If you are towing something like 5000 to 6000 lbs, a 1/2 ton should work with a weight distribution hitch, helper springs or air bags. Add a larger tranny cooler too.
This may be the easiest way to go. If we ever get one, it doesn't have to be one of those huge 4 bedroom 50 ft long deals. A small camper trailer would be fine.
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Old 01-07-2012, 12:03 PM   #5
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I'm a ford truck guy and there isn't much difference between a 3/4 and 1 ton ford except for ins and rated towing capacity. I wasn't aware of a gm having a srw 1 ton, thought the newer ones were all drw.

Doing a swap out might not be a great solution if you're going to pull a trailer (camper style) because if anything happens and it's registered as a 1/2 ton and you're over your max for 1/2 ton pulling capabilities without proper coverage, you could be screwed.

I'd just go with a newer truck if you can swing it. Better safe than sorry is my motto.
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Old 01-07-2012, 12:41 PM   #6
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You would want to switch to a 4L80E or a TH400.
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Old 01-07-2012, 01:02 PM   #7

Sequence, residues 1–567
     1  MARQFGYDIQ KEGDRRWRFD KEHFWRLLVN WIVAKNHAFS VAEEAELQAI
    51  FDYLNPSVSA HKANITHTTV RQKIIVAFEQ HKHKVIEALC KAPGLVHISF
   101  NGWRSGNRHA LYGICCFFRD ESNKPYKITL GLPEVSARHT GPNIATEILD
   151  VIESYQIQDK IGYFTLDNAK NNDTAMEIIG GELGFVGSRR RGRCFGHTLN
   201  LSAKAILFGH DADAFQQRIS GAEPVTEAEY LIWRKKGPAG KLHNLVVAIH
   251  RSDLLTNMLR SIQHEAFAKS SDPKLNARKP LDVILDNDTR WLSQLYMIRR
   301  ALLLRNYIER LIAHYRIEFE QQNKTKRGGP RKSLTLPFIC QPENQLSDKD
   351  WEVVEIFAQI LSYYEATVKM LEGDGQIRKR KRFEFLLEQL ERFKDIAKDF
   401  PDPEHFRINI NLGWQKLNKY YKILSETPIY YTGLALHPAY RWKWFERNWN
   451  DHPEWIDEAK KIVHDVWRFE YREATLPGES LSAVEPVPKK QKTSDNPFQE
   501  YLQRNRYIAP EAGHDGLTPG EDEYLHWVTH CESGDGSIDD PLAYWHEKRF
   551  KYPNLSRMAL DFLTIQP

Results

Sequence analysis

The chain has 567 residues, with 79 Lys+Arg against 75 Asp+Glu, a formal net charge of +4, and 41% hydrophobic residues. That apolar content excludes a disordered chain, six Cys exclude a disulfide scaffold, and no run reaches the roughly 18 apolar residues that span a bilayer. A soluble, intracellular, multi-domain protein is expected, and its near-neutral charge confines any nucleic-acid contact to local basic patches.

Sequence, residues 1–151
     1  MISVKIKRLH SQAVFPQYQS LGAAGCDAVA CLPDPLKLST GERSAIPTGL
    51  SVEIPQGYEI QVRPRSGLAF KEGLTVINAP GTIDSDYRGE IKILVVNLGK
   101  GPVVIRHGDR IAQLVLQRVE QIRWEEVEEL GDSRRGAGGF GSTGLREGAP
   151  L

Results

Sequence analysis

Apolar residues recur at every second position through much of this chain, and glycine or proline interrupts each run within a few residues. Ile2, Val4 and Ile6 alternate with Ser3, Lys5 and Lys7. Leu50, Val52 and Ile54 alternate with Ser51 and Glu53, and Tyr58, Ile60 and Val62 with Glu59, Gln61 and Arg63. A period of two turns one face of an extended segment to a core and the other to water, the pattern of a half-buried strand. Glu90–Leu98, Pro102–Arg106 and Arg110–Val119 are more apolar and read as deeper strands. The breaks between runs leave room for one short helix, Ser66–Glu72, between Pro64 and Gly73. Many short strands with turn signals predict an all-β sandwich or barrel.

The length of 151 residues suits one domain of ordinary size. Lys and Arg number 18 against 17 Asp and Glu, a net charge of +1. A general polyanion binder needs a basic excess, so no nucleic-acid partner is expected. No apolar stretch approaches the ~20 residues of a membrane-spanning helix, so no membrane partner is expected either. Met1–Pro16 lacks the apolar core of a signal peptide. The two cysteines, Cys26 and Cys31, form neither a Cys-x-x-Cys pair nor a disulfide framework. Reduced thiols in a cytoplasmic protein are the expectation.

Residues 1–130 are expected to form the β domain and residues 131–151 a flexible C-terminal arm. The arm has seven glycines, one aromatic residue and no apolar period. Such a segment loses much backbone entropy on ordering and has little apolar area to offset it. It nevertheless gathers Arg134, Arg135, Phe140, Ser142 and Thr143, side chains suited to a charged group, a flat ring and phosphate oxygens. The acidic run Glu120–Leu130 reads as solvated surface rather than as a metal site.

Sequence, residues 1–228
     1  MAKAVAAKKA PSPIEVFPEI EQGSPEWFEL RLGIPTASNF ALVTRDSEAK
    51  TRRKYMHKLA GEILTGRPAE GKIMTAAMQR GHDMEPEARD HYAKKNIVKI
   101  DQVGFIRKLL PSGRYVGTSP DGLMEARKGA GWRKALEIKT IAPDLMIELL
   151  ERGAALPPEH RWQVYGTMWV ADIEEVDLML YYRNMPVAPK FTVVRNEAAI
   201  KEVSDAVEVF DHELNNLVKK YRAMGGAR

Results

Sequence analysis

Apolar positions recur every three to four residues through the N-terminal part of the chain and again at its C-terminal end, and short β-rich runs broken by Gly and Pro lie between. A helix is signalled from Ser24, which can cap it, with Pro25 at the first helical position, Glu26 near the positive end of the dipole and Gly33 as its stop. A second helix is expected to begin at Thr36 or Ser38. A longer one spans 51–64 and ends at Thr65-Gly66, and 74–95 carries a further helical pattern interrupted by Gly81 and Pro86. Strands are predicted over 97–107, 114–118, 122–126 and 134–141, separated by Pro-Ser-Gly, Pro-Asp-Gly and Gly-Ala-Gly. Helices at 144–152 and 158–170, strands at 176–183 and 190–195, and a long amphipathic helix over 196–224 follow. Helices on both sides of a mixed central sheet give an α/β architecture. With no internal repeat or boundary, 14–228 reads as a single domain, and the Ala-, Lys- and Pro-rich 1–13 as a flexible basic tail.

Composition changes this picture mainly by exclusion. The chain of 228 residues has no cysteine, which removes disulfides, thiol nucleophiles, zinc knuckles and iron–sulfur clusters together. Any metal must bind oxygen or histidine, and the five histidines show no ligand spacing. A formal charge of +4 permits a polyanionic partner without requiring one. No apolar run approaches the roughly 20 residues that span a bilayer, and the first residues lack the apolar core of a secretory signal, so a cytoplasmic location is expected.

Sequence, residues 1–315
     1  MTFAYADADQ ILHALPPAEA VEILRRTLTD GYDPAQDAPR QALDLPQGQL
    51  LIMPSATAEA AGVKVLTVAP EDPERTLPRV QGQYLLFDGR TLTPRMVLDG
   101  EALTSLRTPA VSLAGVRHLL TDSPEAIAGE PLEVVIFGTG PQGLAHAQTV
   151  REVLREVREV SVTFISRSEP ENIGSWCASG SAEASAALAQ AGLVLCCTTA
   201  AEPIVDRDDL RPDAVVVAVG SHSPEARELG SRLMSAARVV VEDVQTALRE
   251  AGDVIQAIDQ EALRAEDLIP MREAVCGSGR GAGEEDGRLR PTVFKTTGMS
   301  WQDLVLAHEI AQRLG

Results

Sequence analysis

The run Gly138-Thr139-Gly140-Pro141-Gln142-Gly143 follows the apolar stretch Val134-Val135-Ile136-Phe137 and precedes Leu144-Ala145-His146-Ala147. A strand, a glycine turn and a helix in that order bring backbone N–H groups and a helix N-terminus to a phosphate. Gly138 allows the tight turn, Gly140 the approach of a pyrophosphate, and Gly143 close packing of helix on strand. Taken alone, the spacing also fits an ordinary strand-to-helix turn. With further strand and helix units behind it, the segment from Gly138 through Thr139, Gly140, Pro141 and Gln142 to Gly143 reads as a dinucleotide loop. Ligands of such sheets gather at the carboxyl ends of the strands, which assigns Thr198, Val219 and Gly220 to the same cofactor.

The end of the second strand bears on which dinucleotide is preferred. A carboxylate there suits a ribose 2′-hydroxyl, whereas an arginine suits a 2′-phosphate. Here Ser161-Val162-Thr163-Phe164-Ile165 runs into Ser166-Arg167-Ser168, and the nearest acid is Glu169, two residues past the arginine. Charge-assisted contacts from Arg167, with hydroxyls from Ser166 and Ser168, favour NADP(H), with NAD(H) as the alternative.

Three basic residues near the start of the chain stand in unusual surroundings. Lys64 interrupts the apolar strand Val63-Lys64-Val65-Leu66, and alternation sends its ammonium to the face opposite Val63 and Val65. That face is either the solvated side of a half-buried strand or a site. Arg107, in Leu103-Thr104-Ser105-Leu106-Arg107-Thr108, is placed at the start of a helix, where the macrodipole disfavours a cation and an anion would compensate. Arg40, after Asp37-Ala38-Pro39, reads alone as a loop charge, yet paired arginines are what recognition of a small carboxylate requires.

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Quote:
Difference between 1/2, 3/4, and 1 ton Chevy pickups?
I'm going with about a thousand pounds.
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Old 01-07-2012, 01:10 PM   #8
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Quote:
Originally Posted by J S Machine View Post
This may be the easiest way to go. If we ever get one, it doesn't have to be one of those huge 4 bedroom 50 ft long deals. A small camper trailer would be fine.
I used my old '99 Silverado K1500 extended cab Z71 to tow my car trailer and 87 coupe. Total towed weight was about 5600lbs and that truck (with the first year of the 5.3L motor and 270HP) towed it just fine at freeway speeds up to 75MPH.

I now have an '08 Silverado K1500 ext cab, Z71 and a 6.0L motor and it handles my new 20' enclosed car trailer with no problems. The towed weight is now at 6700 but I'm using a WD hitch.

Both trucks were equipped with a trailer towing package, 4-wheel disc brakes. My 08 will carry slightly more weight, but the 6 liter motor with 367HP and close to 400 ft-lbs of TQ is a big help. This truck also has a G80 locker diff instead of a positraction and a HD auto trans.

Also, back in the mid-90's, Chevy and GMC offered a HD1500 in both 2 and 4wd. They called it a "heavy-half" and was basically the 1/2 ton truck with a stiffer frame and heavy-duty springs and shocks. It was designed for those who didn't want the full 3/4 pickup but needed a higher cargo capacity than the 1/2 ton.
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Old 01-07-2012, 01:14 PM   #9
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Quote:
Originally Posted by Swany00 View Post
I'm a ford truck guy and there isn't much difference between a 3/4 and 1 ton ford except for ins and rated towing capacity. I wasn't aware of a gm having a srw 1 ton, thought the newer ones were all drw.

Doing a swap out might not be a great solution if you're going to pull a trailer (camper style) because if anything happens and it's registered as a 1/2 ton and you're over your max for 1/2 ton pulling capabilities without proper coverage, you could be screwed.